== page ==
So given his failings, what could be done to improve Ahriman’s table-top performance?  Well, setting aside the fact that this probably cannot really be done until the CSM codex itself is fixed (everything is wildly overcosted when compared to any of the modern post-Necron codexes, the Mark of Tzeentch does virtually nothing worthwhile and even saddles its bearer with the terribad Tzeentch psychic discipline, etc.), Ahriman just costs too much.  Compared to other powerful psykers in the game, such as Eldrad or Tigurius, Ahriman is meagre and impotent – and still more expensive.

If it were up to me, I’d grant Ahriman access to a wider variety of psychic disciplines, such as Divination (which was his original specialty), abolish the Tzeentch discipline entirely and replace it with the Change one found in the Fenris campaign update, and grant him some sort of special ability that allows him to better select his psychic powers for a given game (similar to Tigurius).  Beyond that, I’d upgrade his Black Staff to also either function as a spell familiar or have some ability to siphon off Perils of the Warp similar to an Eldar Ghost Helm.   Then drop 30 points right off the top.

 

Why do you think Ahriman is so bitter?  Have I reasoned it out, or do you have other ideas?  What sort of changes to Ahriman’s rules would you like to see to make him worth his cost?

Read more from Kazzigum on Slaved to Ruin

  • Rechnin

    Interesting discussion on an excellent character. I am in the midst of writing a linked, staged campaign for all the factions of the 40k universe (and several homebrew ones) and had the intention of having Ahriman show up as an annoying independent with his own agenda and not as the campaign’s Tzeentch entity.

    With the upcoming release of the Thousands Sons in a Horus Heresy boxed set, I am even more inclined to this path as the boxed set would provide me with the man himself (I have the 40k model as well) and merry warband of loyal followers all in 30k panopoly.

  • benn grimm

    Tbh, given all the reasons he has to be bitter, I think Ahriman comes across as remarkably unaffected by that particular emotion. Certainly less so than most other Chaos marines. Now Honsou; there is a bitter guy.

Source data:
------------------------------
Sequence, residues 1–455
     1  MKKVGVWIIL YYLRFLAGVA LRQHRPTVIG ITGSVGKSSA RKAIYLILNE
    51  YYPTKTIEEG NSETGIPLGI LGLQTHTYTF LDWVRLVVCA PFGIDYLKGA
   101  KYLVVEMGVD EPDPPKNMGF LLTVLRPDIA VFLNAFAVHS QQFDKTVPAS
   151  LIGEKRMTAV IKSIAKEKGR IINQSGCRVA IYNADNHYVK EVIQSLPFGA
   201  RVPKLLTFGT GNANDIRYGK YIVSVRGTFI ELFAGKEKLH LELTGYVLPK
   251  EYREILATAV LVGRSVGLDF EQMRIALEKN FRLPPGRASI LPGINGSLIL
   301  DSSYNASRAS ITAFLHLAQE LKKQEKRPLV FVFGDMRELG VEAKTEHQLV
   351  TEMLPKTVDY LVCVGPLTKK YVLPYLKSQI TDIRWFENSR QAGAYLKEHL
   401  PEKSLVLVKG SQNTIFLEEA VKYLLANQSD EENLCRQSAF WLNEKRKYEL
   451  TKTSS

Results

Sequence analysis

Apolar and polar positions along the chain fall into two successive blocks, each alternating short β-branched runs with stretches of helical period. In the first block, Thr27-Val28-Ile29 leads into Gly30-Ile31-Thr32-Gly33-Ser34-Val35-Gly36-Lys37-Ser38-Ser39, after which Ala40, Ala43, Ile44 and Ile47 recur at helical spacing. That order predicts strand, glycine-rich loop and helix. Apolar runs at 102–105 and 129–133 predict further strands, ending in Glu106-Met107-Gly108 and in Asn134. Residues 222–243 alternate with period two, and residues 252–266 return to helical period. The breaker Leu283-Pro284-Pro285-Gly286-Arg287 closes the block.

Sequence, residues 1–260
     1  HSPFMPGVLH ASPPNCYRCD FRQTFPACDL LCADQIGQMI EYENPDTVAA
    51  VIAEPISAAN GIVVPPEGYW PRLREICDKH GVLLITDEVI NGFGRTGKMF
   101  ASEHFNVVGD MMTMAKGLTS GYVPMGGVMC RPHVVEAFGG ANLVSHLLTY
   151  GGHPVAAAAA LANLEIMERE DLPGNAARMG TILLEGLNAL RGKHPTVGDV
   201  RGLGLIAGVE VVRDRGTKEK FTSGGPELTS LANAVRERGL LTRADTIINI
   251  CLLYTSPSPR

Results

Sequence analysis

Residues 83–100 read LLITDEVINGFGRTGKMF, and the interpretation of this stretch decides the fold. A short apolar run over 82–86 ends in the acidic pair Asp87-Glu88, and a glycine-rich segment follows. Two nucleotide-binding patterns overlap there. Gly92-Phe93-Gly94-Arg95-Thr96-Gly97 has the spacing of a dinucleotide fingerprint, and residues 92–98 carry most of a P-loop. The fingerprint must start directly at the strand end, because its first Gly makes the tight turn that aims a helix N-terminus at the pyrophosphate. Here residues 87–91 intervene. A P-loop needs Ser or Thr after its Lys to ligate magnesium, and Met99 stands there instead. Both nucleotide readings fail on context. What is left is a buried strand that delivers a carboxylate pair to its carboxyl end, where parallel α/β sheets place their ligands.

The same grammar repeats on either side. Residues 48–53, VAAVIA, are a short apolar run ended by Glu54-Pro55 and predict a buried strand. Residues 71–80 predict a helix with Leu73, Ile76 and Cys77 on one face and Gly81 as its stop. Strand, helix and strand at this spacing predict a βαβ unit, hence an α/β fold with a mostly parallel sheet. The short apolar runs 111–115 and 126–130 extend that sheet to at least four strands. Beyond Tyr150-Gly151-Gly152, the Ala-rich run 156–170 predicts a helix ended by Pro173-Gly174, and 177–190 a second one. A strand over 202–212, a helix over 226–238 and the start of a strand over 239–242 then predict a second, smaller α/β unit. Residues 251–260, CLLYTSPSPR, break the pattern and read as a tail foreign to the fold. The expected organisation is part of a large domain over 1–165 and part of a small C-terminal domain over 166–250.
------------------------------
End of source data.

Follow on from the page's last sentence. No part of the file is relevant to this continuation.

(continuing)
• Kazzigum

      Oh, he bears it well, but I think he’s still bitter.

      • benn grimm

        You say disappointment with his father drives him, I would contend it is love for his brother/s and the failure to save his own twin brother that drives him, in first the rubric, then the second rubric. Even after Magnus fails them on Prospero, even after he shows himself to be such a useless leader, Ahzek still respects him, still loves his father, he just disagrees wholeheartedly and refuses to submit. That’s not bitterness, that’s strength.

        If he was bitter, his obsession would surely be revenge; against the wolves, against his father, against the cosmos, but it isn’t; his obsession is with saving his brothers from damnation and oblivion, the tzeentchian irony being of course that he has damned them all and himself irrevocably in the process.

        • Kazzigum

          These are strong arguments, and I appreciate what you’re saying. I agree that his love for his brothers and his quest to save them drives him forward, but I still contend that he is bitter regarding the situation. Ahriman is no fool, he understands that he is being toyed with, but he soldiers on. His will is his defining trait — he firmly believes that with the right knowledge and access to enough power, he can do anything. Even with all the obstacles and forces arrayed against him. But, he is also aware that he has continuously failed. Failure breeds and fans bitterness.